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PAUL V. CARROLL/121369

Attorney At Law
5 Manor Place
Menlo Park, California 94025
(650) 322-5652

Attorney for Petitioners

CAMPAIGN TO RESTORE JACKSON STATE REDWOOD FOREST and

DHARMA CLOUD FOUNDATION

SUPERIOR COURT OF THE STATE OF CALIFORNIA

IN AND FOR THE COUNTY OF MENDOCINO

 

CAMPAIGN TO RESTORE JACKSON STATE REDWOOD FOREST and

DHARMA CLOUD CHARITABLE FOUNDATION TRUST,

Petitioners,

v.

CALIFORNIA DEPARTMENT OF FORESTRY AND FIRE PROTECTION, CALIFORNIA BOARD OF FORESTRY and Does I through X inclusive;

Respondents.

__________________________________/

SCUK CVG 0083611

Unlimited Civil Case

Related Case: SCUK CVG 0084953

PETITIONERS’ REPLY BRIEF IN SUPPORT OF PRELIMINARY INJUNCTION

Date: May 4, 2001

Time: 1:15 p.m.

Dept: E

TABLE OF CONTENTS

ARGUMENT *

I. CDF IS REQUIRED BY LAW TO APPROVE TIMBER

OPERATIONS IN JDSF IN ACCORDANCE WITH A CURRENT MANAGEMENT PLAN *

II. PETITIONERS’ LEGAL CHALLENGES ARE NOT "CONFUSED" *

III. PETITIONERS AND THE ENVIRONMENT WILL SUFFER FAR GREATER HARM THAN CDF *

 

 

TABLE OF AUTHORITIES

ARGUMENT

I. CDF IS REQUIRED BY LAW TO APPROVE TIMBER OPERATIONS IN JDSF IN ACCORDANCE WITH A CURRENT MANAGEMENT PLAN

Respondents’ central argument is that CDF is not required to manage JDSF in accordance with a current management plan, and that timber operations there do not have to conform to such a plan: "[N]othing in the requirements of law requires the THP to be approved only if there is a ‘current’ management plan; rather, there must be a management plan." (Opposition (Opp.) brief, p. 11.) But Respondents’ position is directly refuted by the plain language of the relevant statute, regulation, and policy.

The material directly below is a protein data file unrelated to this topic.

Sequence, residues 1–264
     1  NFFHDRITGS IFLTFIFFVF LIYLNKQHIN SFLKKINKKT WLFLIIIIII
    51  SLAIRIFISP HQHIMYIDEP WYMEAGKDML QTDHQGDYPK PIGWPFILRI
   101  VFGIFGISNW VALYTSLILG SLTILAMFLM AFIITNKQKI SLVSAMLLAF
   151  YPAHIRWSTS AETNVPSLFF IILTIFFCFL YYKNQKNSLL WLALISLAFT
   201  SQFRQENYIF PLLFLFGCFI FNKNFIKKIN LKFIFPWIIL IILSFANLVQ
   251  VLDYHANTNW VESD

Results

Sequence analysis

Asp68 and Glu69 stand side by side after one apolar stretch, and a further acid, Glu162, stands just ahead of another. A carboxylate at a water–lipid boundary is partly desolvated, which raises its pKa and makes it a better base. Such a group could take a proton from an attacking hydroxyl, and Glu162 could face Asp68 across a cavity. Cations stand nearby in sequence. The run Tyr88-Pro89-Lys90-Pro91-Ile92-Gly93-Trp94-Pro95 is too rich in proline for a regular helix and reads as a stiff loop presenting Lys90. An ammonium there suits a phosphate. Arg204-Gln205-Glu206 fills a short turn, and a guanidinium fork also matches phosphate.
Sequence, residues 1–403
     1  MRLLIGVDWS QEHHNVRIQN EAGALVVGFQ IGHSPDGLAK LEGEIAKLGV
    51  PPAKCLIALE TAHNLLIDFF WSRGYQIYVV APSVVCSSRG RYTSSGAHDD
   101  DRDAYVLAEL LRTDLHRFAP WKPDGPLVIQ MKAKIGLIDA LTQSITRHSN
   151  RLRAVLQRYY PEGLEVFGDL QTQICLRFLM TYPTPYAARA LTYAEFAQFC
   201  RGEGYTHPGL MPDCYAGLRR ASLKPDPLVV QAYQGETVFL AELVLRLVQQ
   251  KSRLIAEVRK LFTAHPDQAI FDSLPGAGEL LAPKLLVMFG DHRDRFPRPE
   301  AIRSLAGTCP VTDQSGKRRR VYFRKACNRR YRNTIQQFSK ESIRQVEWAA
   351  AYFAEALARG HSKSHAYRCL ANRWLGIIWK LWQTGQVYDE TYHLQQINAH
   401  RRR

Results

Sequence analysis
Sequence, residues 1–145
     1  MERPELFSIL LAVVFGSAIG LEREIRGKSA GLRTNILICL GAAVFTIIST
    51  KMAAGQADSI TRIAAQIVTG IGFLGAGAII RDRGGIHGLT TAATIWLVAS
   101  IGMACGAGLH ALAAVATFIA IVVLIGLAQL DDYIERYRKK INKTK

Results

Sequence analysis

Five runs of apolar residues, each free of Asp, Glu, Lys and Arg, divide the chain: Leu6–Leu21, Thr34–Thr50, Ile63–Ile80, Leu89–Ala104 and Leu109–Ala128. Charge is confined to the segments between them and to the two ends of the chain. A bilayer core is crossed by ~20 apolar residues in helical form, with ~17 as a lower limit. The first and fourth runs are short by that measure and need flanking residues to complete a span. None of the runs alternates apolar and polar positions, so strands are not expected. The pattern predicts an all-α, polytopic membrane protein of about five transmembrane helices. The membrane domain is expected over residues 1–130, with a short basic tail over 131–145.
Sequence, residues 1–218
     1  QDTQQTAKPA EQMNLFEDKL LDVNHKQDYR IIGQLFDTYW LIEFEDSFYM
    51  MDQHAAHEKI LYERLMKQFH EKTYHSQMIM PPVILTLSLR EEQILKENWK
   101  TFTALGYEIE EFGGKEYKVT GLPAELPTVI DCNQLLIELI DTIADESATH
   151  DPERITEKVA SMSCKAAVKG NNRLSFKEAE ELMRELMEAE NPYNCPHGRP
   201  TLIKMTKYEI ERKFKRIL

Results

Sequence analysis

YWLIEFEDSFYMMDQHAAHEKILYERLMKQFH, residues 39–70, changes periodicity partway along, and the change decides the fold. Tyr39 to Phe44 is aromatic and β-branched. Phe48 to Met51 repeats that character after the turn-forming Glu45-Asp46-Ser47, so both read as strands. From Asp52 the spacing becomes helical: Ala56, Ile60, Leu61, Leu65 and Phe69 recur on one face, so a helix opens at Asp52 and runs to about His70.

The Legislature has commanded that CDF "shall administer" the chapter governing state forests "in accordance with policies adopted by the Board" (Pub. Res. Code, 4646), and "in accordance with plans approved by the board." ( 4645.) Board policy in turn provides: "Management plans shall be prepared and maintained current for the Jackson…State Forests. All operations on the Forests shall conform to the management plans." (AR 734 [emphasis added]; see also Cal. Code Regs., tit. 14, 1510.)

Respondents gloss over the import of these commands. They refuse to acknowledge the clear command of section 4646—"shall administer" "in accordance with policies adopted by the Board"—and the clear command of the Board policy on which it is based—"Management plans shall be prepared and maintained current for the Jackson…State Forests. All operations on the Forests shall conform to the management plans." (AR 734.) Although Board policy, standing alone, may not have the force of a statute or regulation, a statute like section 4646, requiring that Board policy "shall" be followed, most certainly does. (See also 4645; Cal. Code Regs., tit. 14, 1510 [CDF required to follow management plan].) These requirements refute Respondents’ contention that any management plan will do—no matter how old, outdated, or obsolete.

Indeed, to avoid these requirements Respondents are reduced to belittling the Board’s own policy, treating it like an insignificant scrap of paper they are only vaguely familiar with. (See Opp. brief, p. 8 ["petitioners refer to a ‘policy’ adopted by the Board of Forestry"].) The policy of the Board, of course, is of paramount importance. It is the product of a legislative command ( 4646), and it is a blueprint for the management of California’s state forests, setting forth, among other things, the minimum contents of management plans for them. (AR 726-738.)